Well, gentle reader, as you might know, my beautiful wife is is a poet of some reknown and publication credits. So I had resigned myself to being the second best poet in the family. However, as this collection of poetry comes from my cousin’s husband, I might only be the third-best. Until my children start expressing themselves in verse.
As you might expect, gentle reader, I cannot say anything bad about the book at risk of not getting invited to family reunions, although I actually haven’t been invited to a family reunion since 2007. Schmeltzer’s poetry is more modern than I prefer or write. I liked elements of it better than most things I read, but I read a lot of chapbooks of amateur origin (like this and this) when I’m not struggling through the long, long poems of British Romantic poets (I read this book as a break from Keats; currently, I only have “Hyperion” in his long poems left, but it’s harder to slog through it than “Endymion” for some reason). Schmeltzer’s modern sensibilities reminded me a bit of David St. John, but that’s because that’s the best of the modern stuff I’ve read recently.
At any rate, Schmeltzer covers some ground that’s topically in my wheelhouse: the death of parents, relationships, and whatnot. However, some of the poems are a bit obscure, a collection of images that sort of hint at something, that didn’t tie it up neatly. Which might have been part of the point, I suppose.
I might have put my finger on a dichotomy in two different types of poems and rhythms: the paper rhythm and the spoken rhythm. As you might know, gentle reader, my poetry is steeped in performance in open mics, so my lines tend to be longer. A lot of modern poetry, including some of Schmeltzer’s work, has shorter lines. I wonder if they’re written to be seen on paper instead of heard aloud. When I’ve heard Serious Poets reading these kinds of poems in the university, they pause ponderously after every image or phrase. I blame William Carlos Williams. It’s not how I like poetry–I like longer lines and better sustained rhythm, I guess. Which should mean I love Keats, right? Well, he and the other Romantics had an outsized influence on my early poetry, I rediscover when I go through it.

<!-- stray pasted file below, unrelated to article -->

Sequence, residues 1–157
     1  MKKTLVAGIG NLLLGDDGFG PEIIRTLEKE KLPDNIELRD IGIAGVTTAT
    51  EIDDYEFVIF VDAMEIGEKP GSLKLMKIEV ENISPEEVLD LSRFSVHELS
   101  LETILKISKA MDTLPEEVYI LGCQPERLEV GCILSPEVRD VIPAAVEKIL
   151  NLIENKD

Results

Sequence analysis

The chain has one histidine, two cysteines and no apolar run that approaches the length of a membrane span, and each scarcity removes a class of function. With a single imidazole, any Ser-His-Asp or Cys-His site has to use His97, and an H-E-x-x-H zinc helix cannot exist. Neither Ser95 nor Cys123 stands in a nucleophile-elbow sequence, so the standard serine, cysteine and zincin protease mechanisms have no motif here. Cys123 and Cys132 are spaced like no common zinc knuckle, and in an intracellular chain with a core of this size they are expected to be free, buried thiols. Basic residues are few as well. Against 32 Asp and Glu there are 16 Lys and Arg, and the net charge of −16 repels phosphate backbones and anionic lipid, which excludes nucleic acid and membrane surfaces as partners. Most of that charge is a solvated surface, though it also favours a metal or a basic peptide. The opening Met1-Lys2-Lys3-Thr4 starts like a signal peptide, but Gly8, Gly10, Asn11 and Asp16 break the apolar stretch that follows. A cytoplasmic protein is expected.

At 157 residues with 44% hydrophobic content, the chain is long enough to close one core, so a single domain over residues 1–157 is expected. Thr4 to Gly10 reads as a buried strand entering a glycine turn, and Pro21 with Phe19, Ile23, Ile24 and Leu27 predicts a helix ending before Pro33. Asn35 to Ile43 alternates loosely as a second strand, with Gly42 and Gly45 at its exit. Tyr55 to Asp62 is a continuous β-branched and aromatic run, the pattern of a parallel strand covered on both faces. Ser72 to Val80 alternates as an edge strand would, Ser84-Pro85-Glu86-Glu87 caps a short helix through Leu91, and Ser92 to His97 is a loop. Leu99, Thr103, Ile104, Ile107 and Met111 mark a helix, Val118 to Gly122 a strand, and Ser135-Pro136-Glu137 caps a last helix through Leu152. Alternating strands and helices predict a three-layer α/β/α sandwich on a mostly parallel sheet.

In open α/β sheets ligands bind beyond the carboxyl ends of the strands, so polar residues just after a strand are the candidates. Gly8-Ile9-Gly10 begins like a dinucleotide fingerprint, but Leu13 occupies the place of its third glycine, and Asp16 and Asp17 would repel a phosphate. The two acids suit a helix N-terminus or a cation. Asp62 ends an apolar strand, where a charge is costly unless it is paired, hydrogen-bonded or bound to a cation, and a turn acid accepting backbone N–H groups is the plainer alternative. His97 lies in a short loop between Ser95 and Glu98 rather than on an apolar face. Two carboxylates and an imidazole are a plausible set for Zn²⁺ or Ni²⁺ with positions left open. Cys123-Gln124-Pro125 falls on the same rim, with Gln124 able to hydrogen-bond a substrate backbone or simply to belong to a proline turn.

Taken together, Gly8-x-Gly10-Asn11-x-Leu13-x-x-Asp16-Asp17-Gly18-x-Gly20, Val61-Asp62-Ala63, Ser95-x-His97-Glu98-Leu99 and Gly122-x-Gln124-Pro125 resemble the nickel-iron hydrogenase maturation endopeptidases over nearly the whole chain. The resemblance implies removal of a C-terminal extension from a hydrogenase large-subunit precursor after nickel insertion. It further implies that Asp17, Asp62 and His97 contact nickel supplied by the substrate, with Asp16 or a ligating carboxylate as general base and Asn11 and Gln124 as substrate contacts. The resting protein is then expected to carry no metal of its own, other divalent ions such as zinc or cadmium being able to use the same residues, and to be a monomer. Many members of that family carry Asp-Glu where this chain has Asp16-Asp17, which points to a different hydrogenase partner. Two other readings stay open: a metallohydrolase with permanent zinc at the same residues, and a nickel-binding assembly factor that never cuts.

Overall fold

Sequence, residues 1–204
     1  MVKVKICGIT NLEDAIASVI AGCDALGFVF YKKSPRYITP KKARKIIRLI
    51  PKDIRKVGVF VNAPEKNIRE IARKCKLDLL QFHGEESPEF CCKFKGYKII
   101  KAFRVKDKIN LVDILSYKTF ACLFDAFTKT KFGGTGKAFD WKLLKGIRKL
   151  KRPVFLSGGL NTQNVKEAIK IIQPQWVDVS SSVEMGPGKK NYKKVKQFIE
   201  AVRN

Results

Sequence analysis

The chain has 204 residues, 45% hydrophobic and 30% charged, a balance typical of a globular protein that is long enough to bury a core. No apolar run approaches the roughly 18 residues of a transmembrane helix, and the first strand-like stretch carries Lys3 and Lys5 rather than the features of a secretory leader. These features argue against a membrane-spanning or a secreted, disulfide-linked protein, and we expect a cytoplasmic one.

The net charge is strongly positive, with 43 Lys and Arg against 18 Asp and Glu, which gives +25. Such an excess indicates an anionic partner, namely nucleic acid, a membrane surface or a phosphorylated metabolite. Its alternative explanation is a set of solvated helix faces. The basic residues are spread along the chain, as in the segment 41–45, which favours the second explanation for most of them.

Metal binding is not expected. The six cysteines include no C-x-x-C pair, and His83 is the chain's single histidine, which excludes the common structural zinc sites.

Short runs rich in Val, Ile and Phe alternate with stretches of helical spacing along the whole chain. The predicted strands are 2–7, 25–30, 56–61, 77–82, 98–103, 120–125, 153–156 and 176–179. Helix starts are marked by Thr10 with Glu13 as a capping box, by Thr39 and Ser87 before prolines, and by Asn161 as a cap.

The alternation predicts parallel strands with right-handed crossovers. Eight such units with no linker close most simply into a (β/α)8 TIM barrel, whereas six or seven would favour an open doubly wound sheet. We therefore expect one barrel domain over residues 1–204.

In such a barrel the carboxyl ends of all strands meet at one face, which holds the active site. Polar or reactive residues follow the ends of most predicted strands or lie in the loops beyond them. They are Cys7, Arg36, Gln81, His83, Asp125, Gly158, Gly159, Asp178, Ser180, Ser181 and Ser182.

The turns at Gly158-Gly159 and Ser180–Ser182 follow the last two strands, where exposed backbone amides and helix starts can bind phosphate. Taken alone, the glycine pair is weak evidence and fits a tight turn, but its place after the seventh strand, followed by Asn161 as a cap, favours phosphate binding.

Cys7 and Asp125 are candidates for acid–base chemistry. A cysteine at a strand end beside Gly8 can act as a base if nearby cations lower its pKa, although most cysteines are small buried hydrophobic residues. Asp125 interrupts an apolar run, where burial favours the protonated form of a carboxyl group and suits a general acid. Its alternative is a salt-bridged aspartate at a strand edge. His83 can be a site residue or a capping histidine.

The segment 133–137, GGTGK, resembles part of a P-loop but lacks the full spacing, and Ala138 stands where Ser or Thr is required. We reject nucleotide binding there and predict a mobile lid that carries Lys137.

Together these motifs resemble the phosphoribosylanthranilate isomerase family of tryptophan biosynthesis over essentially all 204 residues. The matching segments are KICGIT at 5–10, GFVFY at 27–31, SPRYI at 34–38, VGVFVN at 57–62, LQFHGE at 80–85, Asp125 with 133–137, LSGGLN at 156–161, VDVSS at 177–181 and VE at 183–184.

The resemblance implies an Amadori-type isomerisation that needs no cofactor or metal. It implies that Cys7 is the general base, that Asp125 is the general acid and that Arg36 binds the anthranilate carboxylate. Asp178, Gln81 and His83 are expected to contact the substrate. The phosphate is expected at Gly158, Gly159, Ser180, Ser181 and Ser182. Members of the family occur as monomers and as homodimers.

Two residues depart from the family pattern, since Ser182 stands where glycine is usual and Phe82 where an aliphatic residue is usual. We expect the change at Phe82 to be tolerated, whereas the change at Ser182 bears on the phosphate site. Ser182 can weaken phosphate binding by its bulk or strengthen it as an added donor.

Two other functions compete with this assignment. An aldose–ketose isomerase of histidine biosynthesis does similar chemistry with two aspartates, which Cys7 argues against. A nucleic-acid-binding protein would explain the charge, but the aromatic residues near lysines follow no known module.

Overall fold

I’m not saying that Schmeltzer is particularly guilty of overly truncated lines and unneccesary enjambment; it’s just what I thought of as I was reading what he wrote and relating it to the other things I’ve read.
So I liked it better than most of what I read. And, if you need the ultimate endorsement, I read one of the poems to my beautiful wife, and she nodded with her chin low and her eyes rolling up as she said, “It’s good.” Which is a sign of true excellence in her estimation. So she’d probably give it five stars instead of four.